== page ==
How can I change up my stitch types and create a new category of designs for clients?

Many embroidery shops create the same types of sewouts for customers over and over, like name drops, text, and numbers. You’re also probably used to relying on the same types of borders, fills, and line elements in the custom designs you create and stitch. Maybe it’s time to break out of the same-old, same-old.

To do this, use different stitch types to add some excitement to ordinary designs. It’s a simple way to stand out from other embroiderers in the industry. Give these five special stitch types a try to create unique effects in often run-of-the-mill designs.

1. Add borders or shadows to text. While your stitch count will be higher, a subtle detail like a border or shadow can help your text pop. In this example, the embroiderer shadowed the name Brenda with a complementary hued shadow, creating a standout and pleasing effect.


2. Use programmed runs for borders, rather than standard satin stitches. In the first example, the solid border made of satin stitches (and sometimes steil) is uniform. It’s what you’d expect to see sewn around embroidered patches or emblems. When you use a programmed run for a border instead, the once staid and static border becomes a point of visual interest. You can also create a variable border with satin stitches that changes thicknesses.

3. Look for unique fonts. You’ve already got access to lots of fonts, from professionally digitized ones to those in your digitizing or lettering and editing software to your font generator tool. Most likely, though, you have your favorite, go-to fonts that you use on auto-pilot, or you’ve selected a small group of reliable fonts from which your customers pick. Is it time to be on the lookout for more decorative or themed alphabets or fancier fonts like script and block styles? Also, as shown in the exmaple below, you can take a traditionally shaped ‘N’ and transform it into something unique with a border and patterned design, all with fewer stitches and a huge impact on your customer.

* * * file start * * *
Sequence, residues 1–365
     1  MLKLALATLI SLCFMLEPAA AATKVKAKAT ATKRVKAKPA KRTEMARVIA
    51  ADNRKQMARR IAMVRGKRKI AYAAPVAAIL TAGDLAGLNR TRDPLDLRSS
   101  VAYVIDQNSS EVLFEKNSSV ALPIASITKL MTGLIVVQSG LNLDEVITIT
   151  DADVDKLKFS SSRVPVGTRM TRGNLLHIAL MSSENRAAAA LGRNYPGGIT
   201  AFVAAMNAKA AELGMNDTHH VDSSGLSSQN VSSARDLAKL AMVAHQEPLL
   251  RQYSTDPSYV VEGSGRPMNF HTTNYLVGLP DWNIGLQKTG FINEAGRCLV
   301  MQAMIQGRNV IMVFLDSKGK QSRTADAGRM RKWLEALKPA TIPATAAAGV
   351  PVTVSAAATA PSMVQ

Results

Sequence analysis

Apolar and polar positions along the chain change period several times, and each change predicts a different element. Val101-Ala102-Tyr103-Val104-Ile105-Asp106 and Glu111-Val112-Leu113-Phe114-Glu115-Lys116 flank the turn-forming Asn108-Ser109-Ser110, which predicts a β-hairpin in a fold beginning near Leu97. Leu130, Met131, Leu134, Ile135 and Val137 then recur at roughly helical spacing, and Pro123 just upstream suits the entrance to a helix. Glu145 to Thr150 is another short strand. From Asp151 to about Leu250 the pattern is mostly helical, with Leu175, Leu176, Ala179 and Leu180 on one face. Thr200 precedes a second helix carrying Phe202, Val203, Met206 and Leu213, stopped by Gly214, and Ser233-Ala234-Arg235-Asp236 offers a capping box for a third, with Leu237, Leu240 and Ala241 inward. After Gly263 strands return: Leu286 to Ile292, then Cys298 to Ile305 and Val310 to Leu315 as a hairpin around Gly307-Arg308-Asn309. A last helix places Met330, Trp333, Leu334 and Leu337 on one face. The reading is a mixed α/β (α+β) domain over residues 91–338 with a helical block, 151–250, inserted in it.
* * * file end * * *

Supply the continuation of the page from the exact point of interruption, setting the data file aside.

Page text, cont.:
4. Use fancy fill patterns to make a statement. Fill stitches cover larger elements in your design. You can dress up the traditional fill by changing the spacing and alignment of its stitch penetrations to create different textures or patterns. You can even rely on advanced digitizing software to curve fill stitches to augment contours. If you want to take things a step further, try using different stitch types like satin, special satin, stem, candlewicking, and other decorative stitches in your fills. An embossed fill is another way to populate bigger and wider areas with patterned stitching, while still sewing out a solid element. Since the pattern repeats along a grid, you can change the grid settings for greater variation. You can play with size, spacing, and angles for different effects.

5. Taper your ends. Instead of using line elements with flat ends, take control over how your stitches form at the beginning and end of rows. You can choose from so many stitch types and angles to create eye-catching line elements.

Train your staff embroiderers and digitizers to think outside the regular box of stitch options. Just by changing up your stitch types, you’ll create a whole different category of designs to offer clients and keep them coming back for more.

—Hirsch Solutions Inc.

Ed Levy, Hirsch Solutions Inca

Ed Levy

Ed Levy is an industry veteran and director of software technologies at Hirsch Solutions.

View all articles by Ed Levy  

Related Articles

Back to top button